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In the beginning, there was getting an agent. Two years of querying, of rewrites and Revise and Resubmits. Of watching emails, and watching Twitter feeds and checking response times on Querytracker. Of guessing and second guessing until, at last, an agent came along and took me under their wing, called me ‘ingenious’ and worked to find my book a good home.

My writing future was secured. I had someone in my corner. I had a writing career.

My expectations were realistic, I thought. My first book might not sell. It happens to a lot of authors. But I’m a career writer, I hope, my next book was well under away, my trilogy was down to the very last stage of an open window (which had been 18 exhausting months of checking emails, and forum updates and working out stats and dreaming of what-might-bes), and things were looking good.

The open window didn’t work out – I was rejected in the last 3% of the 5000 or so subs. But I didn’t let it get me down. I dusted myself off and found a home for my trilogy (and a very good home it is, with Gary at Tickety boo press.) And I pushed on with rewrites and edits for the agent, until at last we were on sub.

Submission! The great excitement for all writers. On the desk of editors, and what a list of editors it was. My agent thought the book was great, the betas thought it was great, it had a fresh idea, I was all buzz.

The book didn’t sell. Which was fine! Happens all the time to first books. So I subbed book two to my agent, and was promptly let go. And I blinked and wondered how on Earth that had happened, and how I’d ended up facing the nightmare of all writers – getting close to the dream, working hard to put yourself in the position of having-a-chance, and then losing it.

Anyway, all that was a while ago. Since then I’ve self-published that book (Inish Carraig) and it’s getting the sort of reviews, at least, that were in my what-might-be musings. I’m in the process of getting book two of my trilogy geared up and ready to go. I’m establishing myself as a writer, and I’m doing not too bad at it all.

Which means, when I came to put my latest book into an Open Window, I decided to reassess where I was. All the above had been hugely stressful. Drainingly so. All the waiting, the watching, the hoping, the dreaming. The checking for emails that might have arrived in the night when I opened my eyes (because publishing works all year round.) It might not be something I should do again. I might need to put my health first and avoid such stress.

My reassessment went something like this:

None of my hoping, worrying, checking of emails etc had changed any outcome. Talking about it on forums, guessing what was happening – none of it had mattered. All it had done was stress me.

The worst had happened to me, by writing standards. And yet, I still have a great book come out of it. I’m still the same writer I was. In fact, the book is better for having not sold as I was able to publish it as it should be, not what a market wanted.

Therefore, this was just a vehicle I was subbing to. Yes, a dream vehicle with red paint and a dancing horse on the bonnet, but still a vehicle. If the book doesn’t sell I have lost nothing. I have nothing to worry about – because a home will still be out there for the book. I just have to change my expectations of what a home can look like, and what’s the best.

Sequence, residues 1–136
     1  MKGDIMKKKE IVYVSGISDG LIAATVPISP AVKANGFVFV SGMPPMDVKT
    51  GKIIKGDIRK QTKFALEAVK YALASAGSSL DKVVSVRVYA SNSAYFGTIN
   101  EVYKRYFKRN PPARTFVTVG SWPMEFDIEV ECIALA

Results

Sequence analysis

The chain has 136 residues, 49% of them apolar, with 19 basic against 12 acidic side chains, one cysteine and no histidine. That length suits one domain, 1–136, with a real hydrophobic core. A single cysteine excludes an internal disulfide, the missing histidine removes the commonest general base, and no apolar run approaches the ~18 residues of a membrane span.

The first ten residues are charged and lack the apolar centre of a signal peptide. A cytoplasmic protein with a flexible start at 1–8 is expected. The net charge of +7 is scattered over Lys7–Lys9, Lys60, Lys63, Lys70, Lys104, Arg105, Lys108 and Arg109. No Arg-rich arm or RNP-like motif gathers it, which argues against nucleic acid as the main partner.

As a result, I’m pretty chilled out about what’s happening with the book. I’m aware, at this stage, most people who subbed on the same day (the first of the window) that I did have had their Rejection. In the past, I’d have been sure that meant I’d get an email asking for a full, and I’d have checked and checked for it, and turned in circles. This time, it might be a slow reader, or that my contact details have gone awry, or just that gmail ate the email. I’m not waiting for an outcome, except in the sort of interested arena of I’d like to know.

That’s because, for me, it’s the only way to stay sane. To change the goalposts to my own. To make the focus the book and whether I’m proud of it, and not if it meets someone else’s invisible needs. I wish I’d been able to look at submissions this way in the past – I hope I continue to be able to in the future. J

Here they are – the book wot got me an agent and ended up self-published:

And the book wot was in the window and is now in a three-book deal: -

and there they are.


Thanks for this post, Jo. :) Damn... Thank you. :)
Joanne Zebedee said…
Yay, glad you liked it!
Laura Lam said…
I had a similarly weirdly bumpy journey. I managed to get through the AR door and get an agent, but then my series was cancelled after two books before the imprint folded. I managed to have a happy ending, selling those books and some new ones to Tor, but at the time, it felt like I'd achieved the dream only to lose it again. It was rough.

That is the right way to go about it. I've tried to relax, but I still seem to stress. I'm hoping the next time for me will be easier as it'll be going to the same publisher I have a relationship with, and with luck I'll be working with them for a long time! At least they're unlikely to go bankrupt ;-)
Joanne Zebedee said…
I remember you having an utterly torrid time. When we're famous and huge and headlining WFC we can cackle and say we remember the days.... ;)